December 22, 2010
Safety of Electronic Cigarettes
(Ivanhoe Newswire) -- Welcome to the future of smoking. The electronic cigarette has revolutionized the way smokers get their nicotine fix, but it has also been the topic of debate for health care professionals everywhere. Is it really safer than actual cigarettes everyone asks? A recent report showed that electronic cigarettes are far safer than actual cigarettes, and show promise in the fight against tobacco-related diseases and death.
In a first of its kind study, scientists examined scientific evidence about the safety and effectiveness of these innovative inventions. These battery-powered devices offer tobacco-less doses of nicotine in a vaporized solution. Vapor instead of smoke? That doesn't sound too bad now, does it? What else can you tell us?"Few, if any, chemicals at levels detected in electronic cigarettes raise serious health concerns," which the authors of the study were quoted as saying.
The report reviewed 16 laboratory studies that identified the components in electronic cigarette liquid and vapor. The authors discovered that carcinogen levels in electronic cigarettes are up to 1,000 times lower than in tobacco cigarettes."The FDA and major anti-smoking groups keep saying that we don't know anything about what is in electronic cigarettes," which Michael Siegel, professor of community health sciences at Boston University School of Public Health, was quoted as saying. "The truth is, we know a lot more about what is in electronic cigarettes than regular cigarettes."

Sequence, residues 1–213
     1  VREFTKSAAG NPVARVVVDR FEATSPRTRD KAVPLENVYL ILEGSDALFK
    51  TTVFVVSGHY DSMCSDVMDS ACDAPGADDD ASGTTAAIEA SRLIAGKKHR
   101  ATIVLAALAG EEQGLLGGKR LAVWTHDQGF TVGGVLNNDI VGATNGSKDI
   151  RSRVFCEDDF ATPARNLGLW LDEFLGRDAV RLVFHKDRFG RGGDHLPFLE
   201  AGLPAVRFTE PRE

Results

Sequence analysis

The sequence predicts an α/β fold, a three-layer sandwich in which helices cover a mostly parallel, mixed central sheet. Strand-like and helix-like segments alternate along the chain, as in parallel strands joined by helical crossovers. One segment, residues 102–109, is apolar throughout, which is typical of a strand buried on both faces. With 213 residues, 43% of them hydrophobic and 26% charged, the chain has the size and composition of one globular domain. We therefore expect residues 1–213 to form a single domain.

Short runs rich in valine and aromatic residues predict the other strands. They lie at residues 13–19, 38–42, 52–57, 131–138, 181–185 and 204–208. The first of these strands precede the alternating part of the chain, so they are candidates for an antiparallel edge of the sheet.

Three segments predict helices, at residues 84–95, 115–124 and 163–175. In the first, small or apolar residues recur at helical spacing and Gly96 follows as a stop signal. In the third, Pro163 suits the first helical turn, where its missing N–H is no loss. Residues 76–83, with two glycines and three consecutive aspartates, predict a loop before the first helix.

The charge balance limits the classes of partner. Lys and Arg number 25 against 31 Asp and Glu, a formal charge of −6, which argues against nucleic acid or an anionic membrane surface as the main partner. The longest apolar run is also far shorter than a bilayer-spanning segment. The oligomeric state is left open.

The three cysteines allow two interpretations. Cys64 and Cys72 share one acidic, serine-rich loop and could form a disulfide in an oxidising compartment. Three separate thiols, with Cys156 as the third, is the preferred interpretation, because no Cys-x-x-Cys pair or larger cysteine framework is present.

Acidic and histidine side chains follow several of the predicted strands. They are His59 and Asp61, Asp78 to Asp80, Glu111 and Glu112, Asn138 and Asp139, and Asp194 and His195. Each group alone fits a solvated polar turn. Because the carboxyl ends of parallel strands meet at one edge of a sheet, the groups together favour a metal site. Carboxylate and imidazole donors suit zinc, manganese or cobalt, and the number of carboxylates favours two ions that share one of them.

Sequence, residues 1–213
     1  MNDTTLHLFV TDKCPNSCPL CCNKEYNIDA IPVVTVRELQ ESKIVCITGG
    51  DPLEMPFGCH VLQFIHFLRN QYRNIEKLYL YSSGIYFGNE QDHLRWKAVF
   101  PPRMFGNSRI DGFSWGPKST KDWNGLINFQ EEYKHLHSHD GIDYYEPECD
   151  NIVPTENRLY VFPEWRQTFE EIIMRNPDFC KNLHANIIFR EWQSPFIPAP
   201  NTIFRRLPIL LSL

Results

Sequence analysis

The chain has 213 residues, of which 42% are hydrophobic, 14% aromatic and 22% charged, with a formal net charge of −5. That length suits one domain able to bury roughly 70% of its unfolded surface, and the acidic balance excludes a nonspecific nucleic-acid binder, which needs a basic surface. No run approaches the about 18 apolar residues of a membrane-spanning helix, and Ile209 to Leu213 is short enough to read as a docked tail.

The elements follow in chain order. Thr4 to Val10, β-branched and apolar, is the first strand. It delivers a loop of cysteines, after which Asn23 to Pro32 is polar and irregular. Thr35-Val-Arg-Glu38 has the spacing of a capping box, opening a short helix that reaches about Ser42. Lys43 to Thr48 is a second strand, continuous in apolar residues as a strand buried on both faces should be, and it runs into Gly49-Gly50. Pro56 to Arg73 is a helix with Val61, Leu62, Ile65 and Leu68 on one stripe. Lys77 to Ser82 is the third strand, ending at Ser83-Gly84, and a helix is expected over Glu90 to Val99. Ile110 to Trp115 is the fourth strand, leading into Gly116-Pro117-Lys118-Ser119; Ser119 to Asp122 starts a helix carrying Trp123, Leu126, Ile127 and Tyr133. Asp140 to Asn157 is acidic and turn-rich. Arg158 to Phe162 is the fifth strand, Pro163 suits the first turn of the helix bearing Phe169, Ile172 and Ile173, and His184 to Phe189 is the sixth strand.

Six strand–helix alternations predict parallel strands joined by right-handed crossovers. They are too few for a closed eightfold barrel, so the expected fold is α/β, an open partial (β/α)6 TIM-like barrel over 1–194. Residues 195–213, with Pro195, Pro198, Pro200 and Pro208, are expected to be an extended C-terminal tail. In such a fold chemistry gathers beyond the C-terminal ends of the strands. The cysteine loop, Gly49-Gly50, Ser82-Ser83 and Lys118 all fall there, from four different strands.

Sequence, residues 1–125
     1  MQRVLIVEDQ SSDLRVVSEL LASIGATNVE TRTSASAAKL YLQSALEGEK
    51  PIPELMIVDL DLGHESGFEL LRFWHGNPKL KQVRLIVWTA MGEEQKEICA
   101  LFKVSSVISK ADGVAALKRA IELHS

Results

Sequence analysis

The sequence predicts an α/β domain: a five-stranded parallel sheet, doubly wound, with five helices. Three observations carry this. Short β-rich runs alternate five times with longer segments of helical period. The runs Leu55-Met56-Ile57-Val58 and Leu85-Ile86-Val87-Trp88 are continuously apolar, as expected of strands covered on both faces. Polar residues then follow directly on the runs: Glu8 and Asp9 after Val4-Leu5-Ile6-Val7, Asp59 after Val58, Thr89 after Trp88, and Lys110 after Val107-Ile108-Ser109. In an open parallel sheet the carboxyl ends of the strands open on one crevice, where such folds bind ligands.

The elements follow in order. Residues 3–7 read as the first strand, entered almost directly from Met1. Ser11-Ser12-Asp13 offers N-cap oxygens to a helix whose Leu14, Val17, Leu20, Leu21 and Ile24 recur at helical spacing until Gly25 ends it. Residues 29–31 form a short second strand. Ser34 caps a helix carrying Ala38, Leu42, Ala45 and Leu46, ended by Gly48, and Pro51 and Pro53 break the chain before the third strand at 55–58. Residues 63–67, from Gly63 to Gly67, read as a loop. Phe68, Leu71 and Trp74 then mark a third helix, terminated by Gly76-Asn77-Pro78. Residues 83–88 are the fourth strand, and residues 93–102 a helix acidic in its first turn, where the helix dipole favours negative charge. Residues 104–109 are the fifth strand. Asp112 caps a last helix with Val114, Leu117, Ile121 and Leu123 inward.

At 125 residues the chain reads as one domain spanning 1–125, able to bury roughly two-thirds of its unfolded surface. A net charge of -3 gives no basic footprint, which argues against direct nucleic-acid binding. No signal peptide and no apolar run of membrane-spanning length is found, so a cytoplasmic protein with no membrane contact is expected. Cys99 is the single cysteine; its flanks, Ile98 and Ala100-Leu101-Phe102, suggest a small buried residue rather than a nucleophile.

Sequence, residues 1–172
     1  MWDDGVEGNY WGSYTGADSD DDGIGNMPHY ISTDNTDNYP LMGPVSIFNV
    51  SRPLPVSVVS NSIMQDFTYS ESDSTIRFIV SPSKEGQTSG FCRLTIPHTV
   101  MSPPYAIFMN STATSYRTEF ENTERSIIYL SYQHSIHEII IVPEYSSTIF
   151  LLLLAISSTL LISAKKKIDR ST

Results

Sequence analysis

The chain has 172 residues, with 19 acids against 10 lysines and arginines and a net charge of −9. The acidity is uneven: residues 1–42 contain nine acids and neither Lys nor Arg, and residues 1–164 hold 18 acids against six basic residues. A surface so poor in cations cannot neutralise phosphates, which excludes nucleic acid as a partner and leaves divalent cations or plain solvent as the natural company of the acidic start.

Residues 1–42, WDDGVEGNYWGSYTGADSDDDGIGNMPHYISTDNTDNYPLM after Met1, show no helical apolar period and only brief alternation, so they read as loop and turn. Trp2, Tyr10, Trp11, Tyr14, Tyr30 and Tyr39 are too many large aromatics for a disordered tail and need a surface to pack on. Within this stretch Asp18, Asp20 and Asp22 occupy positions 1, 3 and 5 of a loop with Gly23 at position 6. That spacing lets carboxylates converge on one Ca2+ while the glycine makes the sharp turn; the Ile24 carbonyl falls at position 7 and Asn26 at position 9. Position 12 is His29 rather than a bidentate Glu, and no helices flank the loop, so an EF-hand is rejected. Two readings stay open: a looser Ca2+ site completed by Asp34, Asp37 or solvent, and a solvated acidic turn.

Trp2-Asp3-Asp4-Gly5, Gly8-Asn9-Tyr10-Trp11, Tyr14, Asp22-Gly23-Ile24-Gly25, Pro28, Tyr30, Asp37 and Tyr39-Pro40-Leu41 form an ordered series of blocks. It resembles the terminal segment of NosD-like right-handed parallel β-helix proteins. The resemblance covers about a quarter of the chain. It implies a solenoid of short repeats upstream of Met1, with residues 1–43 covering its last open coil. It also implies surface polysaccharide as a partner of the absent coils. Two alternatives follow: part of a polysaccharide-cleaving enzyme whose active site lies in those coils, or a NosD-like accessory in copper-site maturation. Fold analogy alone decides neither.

It has been three years since the renowned e-cigarette has hit the streets and took off, but controversy has stayed close behind it the whole time. The FDA has threatened to ban the sell of e-cigarettes and six national anti-smoking groups "“ the American Cancer Society, American Heart Association, American Lung Association, Campaign for Tobacco-Free Kids, American Legacy Foundation, and Action on Smoking and Health "“ have additionally requested for the removal of electronic cigarettes from the market.
Their concerns are that the FDA has not yet carefully evaluated any e-cigarettes for safety or effectiveness, that the devices contain detrimental chemicals, and that they are in due course marketed toward children. In December, nevertheless, a federal appeals court ruled that the FDA should regulate e-cigarettes as tobacco products rather than as drug-delivery devices, such as nicotine-replacement patches or gum. The latter undergo far more stringent FDA regulations.
"Taking these products off the market would force thousands of users to return to cigarette smoking," Siegel added. "Why would the FDA and the anti-smoking groups want to take an action that is going to seriously harm the public's health? The only ones who would be protected by a ban on e-cigarettes are the tobacco companies, as these new products represent the first real threat to their profits in decades."
The report furthermore covers preliminary evidence that electronic cigarettes can be effectual in suppressing the urge to smoke, principally because they simulate the act of smoking an actual cigarette.
E-cigarettes might offer an advantage over traditional nicotine delivery devices as well because smoking-related stimuli alone have been found capable of suppressing tobacco abstinence symptoms for long periods of time. Everyone always says they are going to quit but never do. With a safe and effective means to do so, what is stopping them now?
SOURCE: Journal of Public Health Policy, December 21, 2010